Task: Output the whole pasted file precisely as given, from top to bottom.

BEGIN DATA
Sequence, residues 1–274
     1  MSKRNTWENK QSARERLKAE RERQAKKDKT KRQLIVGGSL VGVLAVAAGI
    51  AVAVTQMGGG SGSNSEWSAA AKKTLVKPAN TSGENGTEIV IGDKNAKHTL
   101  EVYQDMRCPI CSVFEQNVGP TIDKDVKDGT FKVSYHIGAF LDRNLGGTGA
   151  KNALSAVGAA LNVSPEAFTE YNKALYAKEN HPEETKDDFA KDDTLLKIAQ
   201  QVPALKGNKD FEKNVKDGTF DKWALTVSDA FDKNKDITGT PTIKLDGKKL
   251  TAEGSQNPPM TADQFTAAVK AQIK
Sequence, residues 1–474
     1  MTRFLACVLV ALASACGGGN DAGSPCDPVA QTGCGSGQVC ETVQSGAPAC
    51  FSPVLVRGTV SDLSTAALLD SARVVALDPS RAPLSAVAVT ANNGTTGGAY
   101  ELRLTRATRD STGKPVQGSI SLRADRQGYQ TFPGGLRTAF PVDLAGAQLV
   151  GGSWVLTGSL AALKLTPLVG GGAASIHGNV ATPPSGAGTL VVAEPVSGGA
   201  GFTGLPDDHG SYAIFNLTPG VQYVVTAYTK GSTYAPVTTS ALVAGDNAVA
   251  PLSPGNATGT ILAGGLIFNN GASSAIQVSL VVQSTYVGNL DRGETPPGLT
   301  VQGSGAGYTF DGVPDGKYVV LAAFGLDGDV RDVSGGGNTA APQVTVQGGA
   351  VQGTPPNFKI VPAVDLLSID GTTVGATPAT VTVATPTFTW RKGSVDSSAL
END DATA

Sequence, residues 1–274
     1  MSKRNTWENK QSARERLKAE RERQAKKDKT KRQLIVGGSL VGVLAVAAGI
    51  AVAVTQMGGG SGSNSEWSAA AKKTLVKPAN TSGENGTEIV IGDKNAKHTL
   101  EVYQDMRCPI CSVFEQNVGP TIDKDVKDGT FKVSYHIGAF LDRNLGGTGA
   151  KNALSAVGAA LNVSPEAFTE YNKALYAKEN HPEETKDDFA KDDTLLKIAQ
   201  QVPALKGNKD FEKNVKDGTF DKWALTVSDA FDKNKDITGT PTIKLDGKKL
   251  TAEGSQNPPM TADQFTAAVK AQIK
Sequence, residues 1–474
     1  MTRFLACVLV ALASACGGGN DAGSPCDPVA QTGCGSGQVC ETVQSGAPAC
    51  FSPVLVRGTV SDLSTAALLD SARVVALDPS RAPLSAVAVT ANNGTTGGAY
   101  ELRLTRATRD STGKPVQGSI SLRADRQGYQ TFPGGLRTAF PVDLAGAQLV
   151  GGSWVLTGSL AALKLTPLVG GGAASIHGNV ATPPSGAGTL VVAEPVSGGA
   201  GFTGLPDDHG SYAIFNLTPG VQYVVTAYTK GSTYAPVTTS ALVAGDNAVA
   251  PLSPGNATGT ILAGGLIFNN GASSAIQVSL VVQSTYVGNL DRGETPPGLT
   301  VQGSGAGYTF DGVPDGKYVV LAAFGLDGDV RDVSGGGNTA APQVTVQGGA
   351  VQGTPPNFKI VPAVDLLSID GTTVGATPAT VTVATPTFTW RKGSVDSSAL